The San Juan County Sheriff’s Office has requested an extreme risk protection order against Rachel Henslee of Friday Harbor. An extreme risk protection order, also known as a “red flag law,” is a gun control method that allows law enforcement or family members to petition the state for the temporary removal of firearms from a person who may present a danger to themselves or others.
Henslee’s protection order hearing is scheduled for 8:30 a.m. on Friday, Feb. 7. More than 50 pages worth of evidence were submitted to the court in support of the order. According to San Juan County Prosecuting Attorney Randall Gaylord, the county is seeking to have the protection order in place for a year.
People who receive extreme risk protection orders against them are not entitled to a court-appointed attorney.
On Jan. 16, Sheriff Ron Krebs and the Sheriff’s Office filed the request with San Juan County Superior Court. This is the first time since the law was approved by voters in November 2016 that it has been used in San Juan County. More than 77 percent of county residents voted for the measure.
In court documents, a San Juan County Sheriff’s Detective said Henslee posed a “significant” danger of causing personal injuries to herself or others “in the near future.” He explained that within the last five weeks her behavior has allegedly shown a pattern of danger.
Confiscated from Henslee, according to court documents, were one pistol, two shotguns and two .22 caliber rifles for which she was given a receipt.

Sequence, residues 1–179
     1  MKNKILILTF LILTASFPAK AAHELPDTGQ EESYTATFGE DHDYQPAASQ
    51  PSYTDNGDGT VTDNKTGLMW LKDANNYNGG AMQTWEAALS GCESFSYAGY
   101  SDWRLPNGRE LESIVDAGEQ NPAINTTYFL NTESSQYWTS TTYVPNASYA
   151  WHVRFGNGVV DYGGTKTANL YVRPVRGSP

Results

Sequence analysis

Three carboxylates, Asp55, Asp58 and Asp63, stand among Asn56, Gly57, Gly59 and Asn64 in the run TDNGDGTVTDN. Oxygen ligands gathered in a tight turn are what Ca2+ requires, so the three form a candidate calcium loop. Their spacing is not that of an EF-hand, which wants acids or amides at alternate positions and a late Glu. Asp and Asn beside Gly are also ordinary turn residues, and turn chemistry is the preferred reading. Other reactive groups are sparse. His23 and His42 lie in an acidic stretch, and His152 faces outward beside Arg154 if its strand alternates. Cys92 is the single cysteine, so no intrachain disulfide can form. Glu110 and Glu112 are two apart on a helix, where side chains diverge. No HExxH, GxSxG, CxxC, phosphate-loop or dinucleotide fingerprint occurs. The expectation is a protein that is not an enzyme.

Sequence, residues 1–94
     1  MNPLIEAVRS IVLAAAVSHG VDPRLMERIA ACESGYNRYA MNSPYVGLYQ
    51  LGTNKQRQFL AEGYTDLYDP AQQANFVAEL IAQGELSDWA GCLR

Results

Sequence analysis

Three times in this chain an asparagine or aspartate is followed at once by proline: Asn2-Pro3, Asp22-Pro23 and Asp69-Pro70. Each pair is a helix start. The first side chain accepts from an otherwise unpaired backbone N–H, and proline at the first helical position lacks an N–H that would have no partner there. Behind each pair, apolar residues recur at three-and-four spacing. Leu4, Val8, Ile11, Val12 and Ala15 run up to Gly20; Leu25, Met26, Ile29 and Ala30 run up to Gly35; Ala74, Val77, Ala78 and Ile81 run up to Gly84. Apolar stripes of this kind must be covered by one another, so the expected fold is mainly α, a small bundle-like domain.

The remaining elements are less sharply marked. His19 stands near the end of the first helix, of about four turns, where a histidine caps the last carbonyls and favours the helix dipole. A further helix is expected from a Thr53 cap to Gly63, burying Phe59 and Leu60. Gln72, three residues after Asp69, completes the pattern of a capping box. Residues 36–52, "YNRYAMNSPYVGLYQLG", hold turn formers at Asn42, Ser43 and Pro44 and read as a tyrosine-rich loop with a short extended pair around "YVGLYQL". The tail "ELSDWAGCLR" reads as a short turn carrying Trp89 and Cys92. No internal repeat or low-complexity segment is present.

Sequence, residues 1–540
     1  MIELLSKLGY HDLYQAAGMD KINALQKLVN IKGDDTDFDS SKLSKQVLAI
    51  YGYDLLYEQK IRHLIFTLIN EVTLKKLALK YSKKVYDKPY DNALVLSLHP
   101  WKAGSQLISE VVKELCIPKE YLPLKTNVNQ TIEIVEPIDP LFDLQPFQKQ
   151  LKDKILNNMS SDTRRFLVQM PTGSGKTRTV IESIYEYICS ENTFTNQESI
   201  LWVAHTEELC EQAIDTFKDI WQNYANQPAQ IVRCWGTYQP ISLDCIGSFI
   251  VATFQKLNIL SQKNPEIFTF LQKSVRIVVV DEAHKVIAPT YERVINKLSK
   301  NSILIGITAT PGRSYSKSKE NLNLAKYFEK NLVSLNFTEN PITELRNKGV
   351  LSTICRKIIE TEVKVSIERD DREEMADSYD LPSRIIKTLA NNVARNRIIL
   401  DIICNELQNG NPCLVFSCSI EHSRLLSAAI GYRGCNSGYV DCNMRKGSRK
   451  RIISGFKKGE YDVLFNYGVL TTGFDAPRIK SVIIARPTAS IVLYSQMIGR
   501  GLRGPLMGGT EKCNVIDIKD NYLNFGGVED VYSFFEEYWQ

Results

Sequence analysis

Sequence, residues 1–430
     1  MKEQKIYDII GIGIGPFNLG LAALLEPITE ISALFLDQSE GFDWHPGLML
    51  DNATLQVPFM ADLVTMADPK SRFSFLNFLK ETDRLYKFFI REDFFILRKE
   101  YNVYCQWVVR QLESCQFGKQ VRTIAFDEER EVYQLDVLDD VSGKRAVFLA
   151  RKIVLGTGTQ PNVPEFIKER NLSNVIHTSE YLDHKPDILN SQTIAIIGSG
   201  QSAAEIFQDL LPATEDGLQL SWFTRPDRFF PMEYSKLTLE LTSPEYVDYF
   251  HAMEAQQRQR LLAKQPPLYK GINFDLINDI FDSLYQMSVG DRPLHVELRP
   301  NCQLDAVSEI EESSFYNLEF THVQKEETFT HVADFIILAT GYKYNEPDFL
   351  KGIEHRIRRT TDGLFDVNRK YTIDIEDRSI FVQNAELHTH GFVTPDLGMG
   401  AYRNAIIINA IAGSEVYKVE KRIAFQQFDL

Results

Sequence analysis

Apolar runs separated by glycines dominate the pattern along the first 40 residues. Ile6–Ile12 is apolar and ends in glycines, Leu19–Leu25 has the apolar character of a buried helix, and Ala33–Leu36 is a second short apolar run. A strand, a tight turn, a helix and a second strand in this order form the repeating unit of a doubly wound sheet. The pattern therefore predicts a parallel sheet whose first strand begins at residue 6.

According to the detective, Henslee is an employee of San Juan County and is currently on paid administrative leave. Superior Court Judge Kathryn Loring recused herself from the case and Island County Superior Court Judge Alan Hancock has been assigned.
The detective explained that one of the Sheriff’s Sergeants received an email from a party outside of the county expressing concern about “significant threats and danger created” by Henslee. According to the detective, Henslee allegedly threatened two people in Oregon with a knife then reportedly pulled a gun on one of the two victims and threatened to shoot them.
The detective’s letter continued, adding that Henslee’s public Instagram account allegedly contained several posts that were “particularly disturbing with strong sexual and violent overtones and criticisms” of Gaylord, Krebs, Loring and other non-elected county workers. Henslee also has reportedly sent several threatening emails to county employees, according to court documents. Henslee had filed three tort claims against the county prior to the extreme risk protection order request.